7 Pages Posted: 21 Apr 2006 Last revised: 6 Nov 2008
Date Written: 1996
Pornography cannot be classified as good or bad on the basis of the sex of the featured participants. This article criticizes Professor Jeffrey Sherman's claim that gay male pornography, unlike heterosexual pornography, provides the consumer with a necessary component to a 'flourishing life,' and that there is no inequality in gay male pornography. In his recent article, "Love Speech: The Social Utility of Pornography," 47 Stan. L. Rev. 661 (1995), Sherman reasons that because gay men are of the same station within a gender hierarchy, then gay pornography cannot contribute to or perpetuate inequality. However, Sherman ignores the fact that sameness of gender does not necessarily mean parity of power; men, like women, can be coerced. Sexual partners, though of the same sex, may differ in terms of race, class, age, or power in a relationship. Sherman ignores certain categories of images that he does not find praise-worthy and fails to make a meaningful distinction between erotica and pornography. Sherman also portrays sexual identity as a fixed, immutable construction and places himself in a privileged position which uniquely enables him to determine what images are good for gay men. This has the effect of cutting off debate and ignoring questions about the harms that pornography perpetuates.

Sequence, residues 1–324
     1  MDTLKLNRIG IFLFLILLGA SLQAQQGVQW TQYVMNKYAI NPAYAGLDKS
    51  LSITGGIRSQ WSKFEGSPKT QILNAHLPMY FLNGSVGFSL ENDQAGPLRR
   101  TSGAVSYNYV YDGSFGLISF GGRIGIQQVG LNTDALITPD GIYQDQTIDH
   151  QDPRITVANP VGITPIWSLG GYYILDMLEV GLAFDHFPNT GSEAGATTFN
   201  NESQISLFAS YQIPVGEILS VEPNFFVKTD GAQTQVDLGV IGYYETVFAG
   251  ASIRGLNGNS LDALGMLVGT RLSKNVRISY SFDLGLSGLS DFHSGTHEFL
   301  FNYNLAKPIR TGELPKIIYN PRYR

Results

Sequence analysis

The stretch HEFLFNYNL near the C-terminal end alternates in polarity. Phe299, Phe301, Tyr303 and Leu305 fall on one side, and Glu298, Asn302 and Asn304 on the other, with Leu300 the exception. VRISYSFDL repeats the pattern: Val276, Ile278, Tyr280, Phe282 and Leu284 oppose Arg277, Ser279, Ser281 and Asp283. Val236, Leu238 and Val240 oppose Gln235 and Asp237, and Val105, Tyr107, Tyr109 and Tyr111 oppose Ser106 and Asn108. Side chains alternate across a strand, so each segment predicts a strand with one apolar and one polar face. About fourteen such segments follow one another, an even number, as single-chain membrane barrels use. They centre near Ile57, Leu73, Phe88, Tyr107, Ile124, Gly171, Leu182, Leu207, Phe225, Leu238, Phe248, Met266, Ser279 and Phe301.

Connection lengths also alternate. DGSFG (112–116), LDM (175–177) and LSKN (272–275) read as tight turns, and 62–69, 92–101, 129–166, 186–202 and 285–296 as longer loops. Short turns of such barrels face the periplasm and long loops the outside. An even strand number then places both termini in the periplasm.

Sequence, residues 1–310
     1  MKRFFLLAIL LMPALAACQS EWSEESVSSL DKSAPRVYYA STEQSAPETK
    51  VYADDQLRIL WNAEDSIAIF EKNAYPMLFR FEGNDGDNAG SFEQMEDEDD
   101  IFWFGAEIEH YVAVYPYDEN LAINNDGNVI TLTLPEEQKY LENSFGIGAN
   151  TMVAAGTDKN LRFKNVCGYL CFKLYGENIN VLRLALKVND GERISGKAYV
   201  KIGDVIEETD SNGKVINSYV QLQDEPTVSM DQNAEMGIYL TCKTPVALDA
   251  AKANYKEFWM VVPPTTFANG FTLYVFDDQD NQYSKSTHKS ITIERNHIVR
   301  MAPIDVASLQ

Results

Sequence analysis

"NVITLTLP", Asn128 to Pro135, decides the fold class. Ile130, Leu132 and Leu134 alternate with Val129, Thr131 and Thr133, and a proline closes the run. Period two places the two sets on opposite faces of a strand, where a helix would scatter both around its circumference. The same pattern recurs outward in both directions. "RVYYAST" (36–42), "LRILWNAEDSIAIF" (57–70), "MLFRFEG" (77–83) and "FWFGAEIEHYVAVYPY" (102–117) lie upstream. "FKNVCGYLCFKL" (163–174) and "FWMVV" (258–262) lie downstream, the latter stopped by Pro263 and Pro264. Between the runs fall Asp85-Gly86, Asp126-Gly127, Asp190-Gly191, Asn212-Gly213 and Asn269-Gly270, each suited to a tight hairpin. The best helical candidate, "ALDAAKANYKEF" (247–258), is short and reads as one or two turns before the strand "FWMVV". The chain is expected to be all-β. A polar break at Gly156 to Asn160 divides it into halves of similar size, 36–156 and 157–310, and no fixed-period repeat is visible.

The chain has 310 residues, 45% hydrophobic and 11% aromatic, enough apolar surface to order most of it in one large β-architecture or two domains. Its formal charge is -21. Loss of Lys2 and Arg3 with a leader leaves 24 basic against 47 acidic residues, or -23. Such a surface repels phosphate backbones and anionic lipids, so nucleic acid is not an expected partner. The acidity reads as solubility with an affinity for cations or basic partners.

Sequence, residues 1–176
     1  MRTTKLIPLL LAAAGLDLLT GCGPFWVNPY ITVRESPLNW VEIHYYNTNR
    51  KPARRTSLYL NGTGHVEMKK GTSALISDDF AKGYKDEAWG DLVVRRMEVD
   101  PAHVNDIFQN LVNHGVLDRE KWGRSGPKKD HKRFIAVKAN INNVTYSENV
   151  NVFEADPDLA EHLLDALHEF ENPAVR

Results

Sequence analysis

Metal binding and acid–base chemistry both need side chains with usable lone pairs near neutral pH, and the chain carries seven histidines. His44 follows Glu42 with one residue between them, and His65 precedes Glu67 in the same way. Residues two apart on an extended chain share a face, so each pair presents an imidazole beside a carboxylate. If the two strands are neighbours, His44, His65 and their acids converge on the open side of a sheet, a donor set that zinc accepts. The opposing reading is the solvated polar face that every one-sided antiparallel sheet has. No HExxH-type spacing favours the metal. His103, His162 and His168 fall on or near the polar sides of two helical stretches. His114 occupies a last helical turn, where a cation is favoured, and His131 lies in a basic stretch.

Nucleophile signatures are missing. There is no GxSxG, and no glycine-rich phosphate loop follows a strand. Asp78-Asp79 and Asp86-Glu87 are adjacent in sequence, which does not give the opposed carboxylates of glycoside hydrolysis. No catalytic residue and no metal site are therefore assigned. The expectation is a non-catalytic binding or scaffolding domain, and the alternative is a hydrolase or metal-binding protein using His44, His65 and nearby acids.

Keywords: pornography, women, feminist, feminism, sexuality, gay
JEL Classification: K10, K39
Suggested Citation: Suggested Citation
Crawford, Bridget J., Gay Does Not Necessarily Mean Good: A Critique of Jeffrey Sherman's Love Speech: The Social Utility of Pornography (1996). American University Journal of Gender, Social Policy & the Law, Vol. 5, p. 9, 1996. Available at SSRN: https://ssrn.com/abstract=895526